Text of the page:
Kathleen Volpig: How science exonerated a woman accused of killing her four children

Kathleen Volpig: How science exonerated a woman accused of killing her four children

For a long time Kathleen Volpiga 55-year-old Australian who has been in prison since 2003 AH She was sentenced to 40 years in prison for the murder of her four young childrenHe was hailed as “Australia’s worst serial killer”. However, on June 5, 2023, everything changed: after a new investigation that began in 2019, it benefited in depth Genetic testing and consulting Leading global experts sudden infant death, Folbigg has been cleared. Investigations, as you mentioned BBC.comIn fact, he concluded that therereasonable doubt as to Mrs. Volpig’s guilt in each of the crimes for which she was originally triedIndeed, analyzes of the DNA of the accused and her children revealed the presence of Mutation in the calodulin gene – a protein that, among other things, helps regulate heart contractions – which is It is alleged that he caused the deaths of both of Volpig’s daughters and other mutations associated with B neurosis She may have been responsible for the death of one of the other two children.

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Twenty years after the conviction, the judicial authorities concluded that Volpig may not have obtained the sentence She has nothing to do with the death of her childrenBut that was it A victim of very unfortunate genetic coincidences. This case, which is currently being described as one of the biggest blunders in the Australian judicial system, shines a spotlight on this massive case. The impact of scientific progress on legal processes And It sets an important precedentpotentially able to Revolutionizing the way science and justice work together.

Four sudden deaths

Between 1989 and 1999 Caleb, Patrick, Sarah and Laura, i Four children By Australian couple Kathleen and Craig Volpig, They died in their sleepTheir ages ranged from nineteen days to eighteen months. It also reports Wired.coman autopsy revealed that the children had died for her Natural causes. In particular, Laura and Sarah could have been victims Sudden infant death syndrome (the death a sudden, unexpected, and unexplained occurrence of a seemingly healthy baby from one month to a year old, also known as cot death); Patrick died of asphyxiation caused by a seizure, while the coroner ruled Caleb’s death related to acute myocarditis.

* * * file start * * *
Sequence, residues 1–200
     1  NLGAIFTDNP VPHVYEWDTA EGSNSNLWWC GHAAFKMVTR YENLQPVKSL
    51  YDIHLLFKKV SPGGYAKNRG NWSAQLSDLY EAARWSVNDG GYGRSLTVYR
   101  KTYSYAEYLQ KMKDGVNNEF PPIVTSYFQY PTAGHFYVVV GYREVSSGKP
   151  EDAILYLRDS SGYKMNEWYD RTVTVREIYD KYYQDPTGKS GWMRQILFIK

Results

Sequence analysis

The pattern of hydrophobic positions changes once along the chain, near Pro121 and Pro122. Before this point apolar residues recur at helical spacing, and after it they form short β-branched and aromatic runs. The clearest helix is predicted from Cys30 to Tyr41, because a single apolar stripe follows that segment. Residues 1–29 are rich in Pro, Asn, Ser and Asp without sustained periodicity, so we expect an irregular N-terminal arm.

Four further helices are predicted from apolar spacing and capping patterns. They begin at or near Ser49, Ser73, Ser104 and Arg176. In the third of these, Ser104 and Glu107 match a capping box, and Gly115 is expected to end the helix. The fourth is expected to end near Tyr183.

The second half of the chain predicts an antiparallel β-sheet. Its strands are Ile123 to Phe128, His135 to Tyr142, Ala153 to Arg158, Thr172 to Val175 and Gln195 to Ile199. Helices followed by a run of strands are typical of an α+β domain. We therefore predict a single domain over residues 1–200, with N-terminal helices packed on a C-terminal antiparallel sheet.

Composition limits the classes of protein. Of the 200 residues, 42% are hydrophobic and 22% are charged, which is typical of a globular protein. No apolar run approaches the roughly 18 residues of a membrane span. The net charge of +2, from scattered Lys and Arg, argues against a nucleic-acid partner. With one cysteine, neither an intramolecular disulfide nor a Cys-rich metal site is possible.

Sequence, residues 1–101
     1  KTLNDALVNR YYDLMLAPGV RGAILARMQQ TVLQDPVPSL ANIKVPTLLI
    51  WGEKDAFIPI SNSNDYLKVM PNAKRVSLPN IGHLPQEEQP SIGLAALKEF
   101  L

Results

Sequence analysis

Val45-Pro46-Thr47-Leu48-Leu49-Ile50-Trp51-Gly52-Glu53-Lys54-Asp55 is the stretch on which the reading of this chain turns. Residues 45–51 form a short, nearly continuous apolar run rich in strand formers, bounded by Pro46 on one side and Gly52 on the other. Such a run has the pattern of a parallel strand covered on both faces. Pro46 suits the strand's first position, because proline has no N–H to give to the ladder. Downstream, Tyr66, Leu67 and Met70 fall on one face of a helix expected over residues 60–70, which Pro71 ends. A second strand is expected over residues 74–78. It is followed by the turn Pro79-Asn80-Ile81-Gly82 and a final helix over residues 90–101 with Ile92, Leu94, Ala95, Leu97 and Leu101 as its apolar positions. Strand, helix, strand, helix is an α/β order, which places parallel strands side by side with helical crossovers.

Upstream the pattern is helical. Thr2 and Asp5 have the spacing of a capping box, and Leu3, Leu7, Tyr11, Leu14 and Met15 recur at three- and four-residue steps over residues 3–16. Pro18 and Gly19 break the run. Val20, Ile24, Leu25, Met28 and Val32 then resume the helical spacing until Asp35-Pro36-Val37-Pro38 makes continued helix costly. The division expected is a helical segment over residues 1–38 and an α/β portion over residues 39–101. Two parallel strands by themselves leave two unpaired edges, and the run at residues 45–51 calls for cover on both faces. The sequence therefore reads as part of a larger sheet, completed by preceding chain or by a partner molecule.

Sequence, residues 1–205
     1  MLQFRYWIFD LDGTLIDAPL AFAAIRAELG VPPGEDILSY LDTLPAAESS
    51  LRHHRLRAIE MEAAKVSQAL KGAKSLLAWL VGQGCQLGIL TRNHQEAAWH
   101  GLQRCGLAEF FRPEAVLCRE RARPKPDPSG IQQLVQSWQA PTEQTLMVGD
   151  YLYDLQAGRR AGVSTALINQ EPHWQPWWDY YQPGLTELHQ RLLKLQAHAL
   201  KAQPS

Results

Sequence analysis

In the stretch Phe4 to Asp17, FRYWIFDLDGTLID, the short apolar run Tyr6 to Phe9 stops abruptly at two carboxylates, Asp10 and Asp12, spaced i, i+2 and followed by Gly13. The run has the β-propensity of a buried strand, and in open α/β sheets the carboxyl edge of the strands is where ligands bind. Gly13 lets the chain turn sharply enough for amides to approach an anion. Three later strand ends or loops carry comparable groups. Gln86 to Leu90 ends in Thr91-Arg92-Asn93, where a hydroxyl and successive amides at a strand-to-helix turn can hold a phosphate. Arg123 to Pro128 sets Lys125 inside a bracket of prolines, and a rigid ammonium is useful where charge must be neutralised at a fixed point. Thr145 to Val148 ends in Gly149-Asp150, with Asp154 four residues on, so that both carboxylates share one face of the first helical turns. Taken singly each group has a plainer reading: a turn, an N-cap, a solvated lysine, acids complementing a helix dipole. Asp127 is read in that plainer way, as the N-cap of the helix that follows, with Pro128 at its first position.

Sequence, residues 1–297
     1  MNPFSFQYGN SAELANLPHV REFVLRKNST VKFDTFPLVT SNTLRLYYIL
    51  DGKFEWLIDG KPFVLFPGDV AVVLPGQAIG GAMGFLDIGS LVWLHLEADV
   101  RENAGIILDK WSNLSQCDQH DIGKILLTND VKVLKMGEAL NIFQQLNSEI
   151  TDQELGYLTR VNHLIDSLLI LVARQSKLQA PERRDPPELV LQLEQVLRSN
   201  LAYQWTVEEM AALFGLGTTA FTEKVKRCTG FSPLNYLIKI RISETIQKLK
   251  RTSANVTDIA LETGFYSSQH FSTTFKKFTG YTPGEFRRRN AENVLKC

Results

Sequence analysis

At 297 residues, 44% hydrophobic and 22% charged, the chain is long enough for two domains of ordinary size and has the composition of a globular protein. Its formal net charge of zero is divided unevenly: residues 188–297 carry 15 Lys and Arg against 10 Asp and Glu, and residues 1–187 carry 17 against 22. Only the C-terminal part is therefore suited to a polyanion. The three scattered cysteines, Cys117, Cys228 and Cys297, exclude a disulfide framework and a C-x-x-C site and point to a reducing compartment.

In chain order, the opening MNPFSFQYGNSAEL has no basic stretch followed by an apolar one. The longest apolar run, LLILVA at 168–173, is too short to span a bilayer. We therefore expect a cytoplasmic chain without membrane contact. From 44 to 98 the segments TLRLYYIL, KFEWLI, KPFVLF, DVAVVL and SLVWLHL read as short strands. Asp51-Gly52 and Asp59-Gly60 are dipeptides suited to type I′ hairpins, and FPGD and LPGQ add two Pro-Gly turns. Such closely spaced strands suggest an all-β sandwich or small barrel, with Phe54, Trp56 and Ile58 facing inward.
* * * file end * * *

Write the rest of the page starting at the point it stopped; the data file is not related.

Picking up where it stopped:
Four deaths within the same family within ten years and circumstantial evidence, including some A diary in which a woman notes feelings of guilt which haunts her, led to Fulbig being sued by her husband in 2003 before a Supreme Court jury for murdering her children by strangling them in their sleep. No history of abuse came to light during the investigation. There are no physical signs of chokingNo apparent motive, no eyewitnesses, no admission of guilt; In addition to, Psychiatrists who visited Volpig, who always maintained his innocence, They did not diagnose any mental illnesses It could explain infanticide.

However, unlike the diaries, the prosecutor’s argument was inspired by The work of British pediatrician Roy Meadowwhich in the 70s was the first to specify Munchausen syndrome by proxy, a psychopathology in which a parent causes harm to their children in order to get attention from them. According to a famous pediatrician’s writing, in fact “One sudden infant death is a tragedy, two are suspects, and three are murder until proven guiltyThree doctors interviewed during Volpig’s trial testified that they had never seen or read about three cases of sudden infant death in one family. For these reasons, the jury concluded at the end of the trial that there The mother is guilty of killing four childrenAnd she was sentenced to 40 years in prison.

What is Calmodulin 2?

At this point, there’s a time jump of about 15 years. It’s 2018 and Carola Garcia de Viñuesaat the time an immunologist at the Australian National University, where she deals with Studying the human genome to investigate the causes of rare diseasesHe is contacted by Folbigg’s legal team. Indeed, because many forensic pathologists expressed skepticism about the medical evidence presented during the 2003 trial, Volpig’s lawyers persuaded the local district attorney’s office to re-evaluate the issue. The goal was to use DNA sequencing techniques and find out about genetic diseases that did not exist at the time of the first experiment Shedding light on the cause of the four mysterious deaths. Indeed, in the genome of Fulpig and his two daughters, he identified Venuesa Mutations in the gene called calmodulin 2which according to one Stady Since 2013 from the group coordinated by Peter Schwartz, Cardiologist, Director of the Center for the Study and Treatment of Arrhythmias of Genetic Origin at the Italian Institute of Oxygenation Irccs in Milan, due to Sudden death in early childhood.